- Pierce, Andrew (4 August 2009), "Buckingham Palace is unlikely shrine to the history of jazz", The Telegraph, London, archived from the original on 27 December 2019, retrieved 11 February 2012
- Clay, p. 245; Gore, p. 293; Nicolson, pp. 33, 141, 510, 517
- Harrison, Brian (1996), The Transformation of British Politics, 1860–1995, pp. 320, 337
- Gore, pp. x, 116
- Cannadine, David (1998), History in our Time, p. 3
- Harrison, p. 332; "The King of England: George V", Fortune, p. 33, 1936,
if not himself a characteristic example of the great British middle class, is so like the characteristic examples of that class that there is no perceptible distinction to be made between the two.
- Rose, p. 328
- Harrison, pp. 51, 327
- Velde, François (19 April 2008), "Marks of Cadency in the British Royal Family" Archived 17 March 2018 at the Wayback Machine, Heraldica, retrieved 1 May 2010.
- Louda, Jiří; Maclagan, Michael (1999), Lines of Succession: Heraldry of the Royal Families of Europe, London: Little, Brown, pp. 34, 51, ISBN 978-1-85605-469-0
Works cited edit
- Clay, Catrine (2006), King, Kaiser, Tsar: Three Royal Cousins Who Led the World to War, London: John Murray, ISBN 978-0-7195-6537-3
- Gore, John (1941), King George V: a personal memoir
- Matthew, H. C. G. (September 2004; online edition May 2009), "George V (1865–1936)", Oxford Dictionary of National Biography, Oxford University Press, doi:10.1093/ref:odnb/33369, retrieved 1 May 2010 (Subscription required)
- Mowat, Charles Loch (1955), Britain Between The Wars 1918–1940, London: Methuen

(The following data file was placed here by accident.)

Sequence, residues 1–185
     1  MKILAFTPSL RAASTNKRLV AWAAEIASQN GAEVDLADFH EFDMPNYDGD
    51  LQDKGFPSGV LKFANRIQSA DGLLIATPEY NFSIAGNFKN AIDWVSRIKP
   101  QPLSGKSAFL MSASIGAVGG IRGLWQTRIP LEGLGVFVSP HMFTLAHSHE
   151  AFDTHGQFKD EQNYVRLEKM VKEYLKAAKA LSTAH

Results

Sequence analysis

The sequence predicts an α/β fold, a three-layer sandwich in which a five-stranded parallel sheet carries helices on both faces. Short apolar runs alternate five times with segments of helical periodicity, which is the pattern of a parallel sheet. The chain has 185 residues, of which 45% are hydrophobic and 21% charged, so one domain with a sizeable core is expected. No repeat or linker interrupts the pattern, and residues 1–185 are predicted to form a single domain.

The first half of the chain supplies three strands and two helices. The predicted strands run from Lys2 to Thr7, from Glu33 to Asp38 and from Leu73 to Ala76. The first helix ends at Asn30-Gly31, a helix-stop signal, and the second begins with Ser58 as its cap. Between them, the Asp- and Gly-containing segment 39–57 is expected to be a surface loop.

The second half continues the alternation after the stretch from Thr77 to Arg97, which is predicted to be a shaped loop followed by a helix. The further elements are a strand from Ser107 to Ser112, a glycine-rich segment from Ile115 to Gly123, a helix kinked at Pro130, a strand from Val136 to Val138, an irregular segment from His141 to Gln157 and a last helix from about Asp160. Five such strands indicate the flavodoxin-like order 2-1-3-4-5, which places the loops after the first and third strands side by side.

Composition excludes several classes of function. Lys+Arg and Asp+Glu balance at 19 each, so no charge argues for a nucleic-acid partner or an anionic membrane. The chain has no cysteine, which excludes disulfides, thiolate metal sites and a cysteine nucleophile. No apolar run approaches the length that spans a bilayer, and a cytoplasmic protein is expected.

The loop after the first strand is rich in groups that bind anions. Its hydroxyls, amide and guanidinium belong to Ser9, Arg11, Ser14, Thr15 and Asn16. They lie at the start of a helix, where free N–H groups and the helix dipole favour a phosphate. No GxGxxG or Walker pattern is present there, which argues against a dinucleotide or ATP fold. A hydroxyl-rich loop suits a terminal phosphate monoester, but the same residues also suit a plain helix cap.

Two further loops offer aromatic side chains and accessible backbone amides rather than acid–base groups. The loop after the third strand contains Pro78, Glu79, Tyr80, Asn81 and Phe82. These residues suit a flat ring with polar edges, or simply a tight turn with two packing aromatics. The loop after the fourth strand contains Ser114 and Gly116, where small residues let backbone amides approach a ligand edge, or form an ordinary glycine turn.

- Nicolson, Sir Harold (1952), King George the Fifth: His Life and Reign, London: Constable and Co
- Owens, Edward (2019), "2: 'A man we understand': King George V's radio broadcasts", The Family Firm: monarchy, mass media and the British public, 1932–53, pp. 91–132, ISBN 9781909646940, JSTOR j.ctvkjb3sr.8
- Pope-Hennessy, James (1959), Queen Mary, London: George Allen and Unwin, Ltd
- Rose, Kenneth (1983), King George V, London: Weidenfeld and Nicolson, ISBN 978-0-297-78245-2
- Sinclair, David (1988), Two Georges: The Making of the Modern Monarchy, London: Hodder and Stoughton, ISBN 978-0-340-33240-5
- Vickers, Hugo (2018), The Quest for Queen Mary, London: Zuleika
- Windsor, HRH The Duke of (1951), A King's Story, London: Cassell and Co
Further reading edit
- Cannadine, David (2014), George V: The Unexpected King
- Chisholm, Hugh (1922), , Encyclopædia Britannica, vol. 31 (12th ed.)
- Mort, Frank (2019), "Safe for Democracy: Constitutional Politics, Popular Spectacle, and the British Monarchy 1910–1914", Journal of British Studies, 58 (1): 109–141, doi:10.1017/jbr.2018.176, S2CID 151146689
- Ridley, Jane (2022), George V: Never a Dull Moment, excerpt
- Somervell, D. C. (1936), The Reign of King George V, wide-ranging political, social and economic coverage, 1910–35
- Spender, John A. (1935), "British Foreign Policy in the Reign of HM King George V", International Affairs, 14 (4): 455–479, JSTOR 2603463